The well-respected philosopher and writer, who shall be known as David, is siding with Dick Smith on the growth argument. Dunno, TH reckons that he and David are not particularly far apart in terms of thinking on this one, but seem to come to different conclusions. For example, TH points to the (albeit technical) Easter Island piece on by James Brander and Scott Taylor, which argues that with quite sensible assumptions economic incentives can lead to over exploitation of natural resources and eventually economic and social collapse. The Brander and Taylor model provides an economic model to explain how this happens, and also a discussion of what conditions need to hold to avoid collapse. The difference between the Torrens Hume position and what he thinks is the Dick Smith position is that TH thinks more efforts need to be put into creating the alternatives that lead to an optimal outcome rather than doing a Henny Penny and crying that the sky is falling. Also, TH would argue that it is possible to have economic growth and sustainable use of natural resources.
It seems self-evident and rather uninteresting to say that if society was dependent on consumption of a finite stock of a non-renewable resource, then the resource will run out and we’ll all be done for. Suppose, for example, the world’s population was dependent on just one good – bread. Bread in this world is in finite supply in the form of a huge non-renewable bread mountain that gets mined for food. In this world it is pretty obvious that one day the food will run out. It’s a matter of when, not if. (OK, agreed the population or the amount we consume could go asymptotically to zero, but it seems quite reasonable to assume that once the population goes below one then we are done for and that we also need a minimum amount of food per day per person to sustain a life, which rules out these odd asymptotic solutions).
It is also true that, if we used this resource in ever increasing amounts, it will run out at an ever increasing rate and that life will end in finite time at a date the is approaching at an ever accelerating rate. It is not hard to think why the bread mountain could suffer this fate. Suppose that the world’s population was growing and the resource was a free-for-all. For example, imagine that there is no fence around the resource to stop the ever growing population from freely mining the bread. It is also not hard to think of a solution that could extend the life of the mountain: put a fence around it and price the resource so that people would consume less of it.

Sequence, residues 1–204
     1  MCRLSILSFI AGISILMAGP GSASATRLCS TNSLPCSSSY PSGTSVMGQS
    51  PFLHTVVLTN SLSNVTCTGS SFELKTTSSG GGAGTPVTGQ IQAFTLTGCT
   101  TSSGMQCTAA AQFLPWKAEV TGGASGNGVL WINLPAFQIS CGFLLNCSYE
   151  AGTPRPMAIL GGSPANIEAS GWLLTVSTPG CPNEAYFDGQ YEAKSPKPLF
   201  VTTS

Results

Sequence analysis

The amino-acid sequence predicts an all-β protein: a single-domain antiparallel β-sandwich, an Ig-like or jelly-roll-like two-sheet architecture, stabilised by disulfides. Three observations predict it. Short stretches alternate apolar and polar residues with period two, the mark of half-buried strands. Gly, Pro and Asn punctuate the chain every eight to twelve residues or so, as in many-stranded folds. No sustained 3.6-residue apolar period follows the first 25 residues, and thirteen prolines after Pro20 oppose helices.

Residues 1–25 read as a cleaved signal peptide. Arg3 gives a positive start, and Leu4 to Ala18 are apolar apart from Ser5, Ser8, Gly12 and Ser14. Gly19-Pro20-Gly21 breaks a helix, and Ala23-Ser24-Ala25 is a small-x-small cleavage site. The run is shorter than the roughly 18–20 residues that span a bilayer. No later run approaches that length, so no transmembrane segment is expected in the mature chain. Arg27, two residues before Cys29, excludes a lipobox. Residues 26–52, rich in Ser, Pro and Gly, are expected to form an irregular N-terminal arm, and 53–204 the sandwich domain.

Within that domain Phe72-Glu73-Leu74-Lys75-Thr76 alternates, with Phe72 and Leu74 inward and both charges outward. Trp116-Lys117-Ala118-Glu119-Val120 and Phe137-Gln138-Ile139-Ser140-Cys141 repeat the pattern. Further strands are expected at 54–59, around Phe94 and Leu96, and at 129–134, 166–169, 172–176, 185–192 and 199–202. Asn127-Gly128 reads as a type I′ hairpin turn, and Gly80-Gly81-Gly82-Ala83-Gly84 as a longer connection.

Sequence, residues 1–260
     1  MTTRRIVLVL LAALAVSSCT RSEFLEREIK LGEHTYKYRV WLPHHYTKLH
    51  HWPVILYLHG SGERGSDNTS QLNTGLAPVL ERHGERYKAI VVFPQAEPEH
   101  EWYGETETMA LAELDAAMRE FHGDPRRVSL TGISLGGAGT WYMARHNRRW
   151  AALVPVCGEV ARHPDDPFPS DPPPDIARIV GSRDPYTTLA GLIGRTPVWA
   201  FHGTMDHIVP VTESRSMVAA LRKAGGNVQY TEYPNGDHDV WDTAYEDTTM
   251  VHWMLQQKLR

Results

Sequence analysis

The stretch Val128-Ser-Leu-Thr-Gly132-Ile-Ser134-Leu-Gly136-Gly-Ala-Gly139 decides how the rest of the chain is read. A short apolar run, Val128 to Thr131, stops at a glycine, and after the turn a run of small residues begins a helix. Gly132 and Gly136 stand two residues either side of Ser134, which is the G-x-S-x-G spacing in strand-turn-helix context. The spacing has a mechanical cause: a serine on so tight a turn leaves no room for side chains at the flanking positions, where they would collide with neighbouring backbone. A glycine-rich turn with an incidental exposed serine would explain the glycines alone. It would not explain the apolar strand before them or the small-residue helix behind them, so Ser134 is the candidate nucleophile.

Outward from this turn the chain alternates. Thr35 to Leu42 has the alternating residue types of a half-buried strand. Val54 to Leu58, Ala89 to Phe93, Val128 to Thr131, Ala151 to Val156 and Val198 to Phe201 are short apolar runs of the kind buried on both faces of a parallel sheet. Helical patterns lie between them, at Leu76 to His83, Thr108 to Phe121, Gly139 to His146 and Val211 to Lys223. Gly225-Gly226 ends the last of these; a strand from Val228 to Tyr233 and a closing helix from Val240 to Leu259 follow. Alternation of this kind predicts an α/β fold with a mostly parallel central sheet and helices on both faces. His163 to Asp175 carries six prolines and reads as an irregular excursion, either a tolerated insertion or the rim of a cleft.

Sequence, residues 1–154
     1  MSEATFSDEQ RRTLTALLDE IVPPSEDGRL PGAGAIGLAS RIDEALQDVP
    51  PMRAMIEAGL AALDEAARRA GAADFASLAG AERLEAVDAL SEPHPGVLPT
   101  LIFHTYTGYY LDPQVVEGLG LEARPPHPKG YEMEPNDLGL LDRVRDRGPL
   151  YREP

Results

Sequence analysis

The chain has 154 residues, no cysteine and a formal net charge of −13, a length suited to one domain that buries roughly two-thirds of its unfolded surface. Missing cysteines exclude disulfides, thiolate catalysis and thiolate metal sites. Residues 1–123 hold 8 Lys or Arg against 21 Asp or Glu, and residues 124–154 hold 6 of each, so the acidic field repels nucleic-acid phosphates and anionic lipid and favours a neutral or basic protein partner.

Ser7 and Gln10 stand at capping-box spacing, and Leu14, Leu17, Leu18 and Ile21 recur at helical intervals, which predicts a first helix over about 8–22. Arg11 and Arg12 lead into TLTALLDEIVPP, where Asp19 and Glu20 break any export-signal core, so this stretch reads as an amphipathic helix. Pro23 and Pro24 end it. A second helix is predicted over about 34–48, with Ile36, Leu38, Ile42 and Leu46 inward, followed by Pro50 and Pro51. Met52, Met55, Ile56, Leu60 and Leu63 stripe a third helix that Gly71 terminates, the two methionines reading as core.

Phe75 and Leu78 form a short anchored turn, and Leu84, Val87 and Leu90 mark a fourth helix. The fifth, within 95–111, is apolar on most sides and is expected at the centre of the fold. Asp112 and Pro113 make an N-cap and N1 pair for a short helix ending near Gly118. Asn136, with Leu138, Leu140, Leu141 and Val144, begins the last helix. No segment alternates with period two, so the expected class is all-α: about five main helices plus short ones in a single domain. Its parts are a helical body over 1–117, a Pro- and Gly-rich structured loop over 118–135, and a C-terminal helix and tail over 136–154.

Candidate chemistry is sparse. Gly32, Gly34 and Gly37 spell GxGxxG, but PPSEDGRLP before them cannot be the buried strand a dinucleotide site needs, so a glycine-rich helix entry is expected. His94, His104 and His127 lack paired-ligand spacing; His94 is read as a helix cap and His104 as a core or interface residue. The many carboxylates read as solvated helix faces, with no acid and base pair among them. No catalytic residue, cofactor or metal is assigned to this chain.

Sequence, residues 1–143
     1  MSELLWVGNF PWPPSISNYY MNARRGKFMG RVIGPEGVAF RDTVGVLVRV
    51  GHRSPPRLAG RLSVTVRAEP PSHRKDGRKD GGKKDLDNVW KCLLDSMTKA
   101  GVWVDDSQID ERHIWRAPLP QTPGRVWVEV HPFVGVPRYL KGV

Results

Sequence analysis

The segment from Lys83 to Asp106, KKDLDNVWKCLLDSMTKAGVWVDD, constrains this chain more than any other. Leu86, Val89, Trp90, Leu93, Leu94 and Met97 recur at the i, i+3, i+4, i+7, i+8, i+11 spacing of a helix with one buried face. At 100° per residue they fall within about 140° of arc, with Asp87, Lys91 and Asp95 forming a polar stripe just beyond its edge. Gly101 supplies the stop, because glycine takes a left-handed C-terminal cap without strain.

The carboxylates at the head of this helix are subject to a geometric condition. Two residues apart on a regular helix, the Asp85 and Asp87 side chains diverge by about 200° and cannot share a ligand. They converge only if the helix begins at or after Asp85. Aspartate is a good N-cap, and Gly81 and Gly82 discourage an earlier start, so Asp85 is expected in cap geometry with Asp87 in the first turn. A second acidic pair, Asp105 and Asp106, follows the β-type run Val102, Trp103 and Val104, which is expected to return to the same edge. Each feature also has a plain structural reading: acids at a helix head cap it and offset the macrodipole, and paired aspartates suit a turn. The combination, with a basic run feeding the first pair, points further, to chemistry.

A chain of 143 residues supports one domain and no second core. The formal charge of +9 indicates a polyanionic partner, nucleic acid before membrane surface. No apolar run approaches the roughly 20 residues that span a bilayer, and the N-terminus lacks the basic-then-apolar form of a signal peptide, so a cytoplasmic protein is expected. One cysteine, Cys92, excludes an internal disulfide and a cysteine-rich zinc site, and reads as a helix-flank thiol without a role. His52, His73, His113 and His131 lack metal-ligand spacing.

There are two reasons why fencing and making a market for the bread slows the rate of consumption. The first is that if it is expensive you use less. The other is, if it is free, but finite, it won’t take long before people realise that it will run out, so they will rush to make sure they are first to consume it before someone else does. Nevertheless, regardless of whether there exist economic mechanisms to slow the rate of consumption or not, in this simple world, the Earth’s population will, one day, become extinct.
The more interesting situation is to consider a world where we also consume renewable resources and/ or those which can be expected to be available indefinitely (e.g. solar energy). In this case, we face a different problem – that is how to be to use the finite resources (which may include a not-at-all option) as well as the other resources in a manner that can best sustain life indefinitely. Once we allow for such options we are in the realm of possible perpetual growth, at least in principle, with the source of that growth being the stock of human knowledge, which doesn’t diminish or get used up with consumption, but can accumulate or spread as ideas from one great mind spill over to another. As Isaac Newton once proclaimed (while sitting under his favourite apple tree) “if I can see further, it is because I stand on the shoulders of giants.”
So what is being said here is: yes, you can squander a finite set of non-renewable resources, but that does not prohibit the human race from enjoying perpetual growth. To achieve this goal, we society must come up with mechanisms to create the incentives to use our natural resources in the most efficient way. This is extraordinarily difficult and great thinkers need every bit of encouragement they can get. Perhaps Dick Smith could help. Would it not be better for Dick Smith to provide a prize for a workable solution to the Murray Darling problem that provides a sustainable supply of water to all the states, for example, rather than offering a prize to say that our current practices are unsustainable? Or a mechanism that creates an incentive for all G20 members to cut carbon emissions that all the G20 would want to agree to. These are tough problems, but we need solutions that work.